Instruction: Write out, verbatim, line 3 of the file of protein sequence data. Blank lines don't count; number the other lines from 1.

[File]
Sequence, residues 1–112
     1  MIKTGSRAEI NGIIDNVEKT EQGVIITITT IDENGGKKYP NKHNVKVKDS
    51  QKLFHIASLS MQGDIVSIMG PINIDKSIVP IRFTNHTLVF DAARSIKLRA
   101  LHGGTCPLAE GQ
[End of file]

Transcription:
    51  QKLFHIASLS MQGDIVSIMG PINIDKSIVP IRFTNHTLVF DAARSIKLRA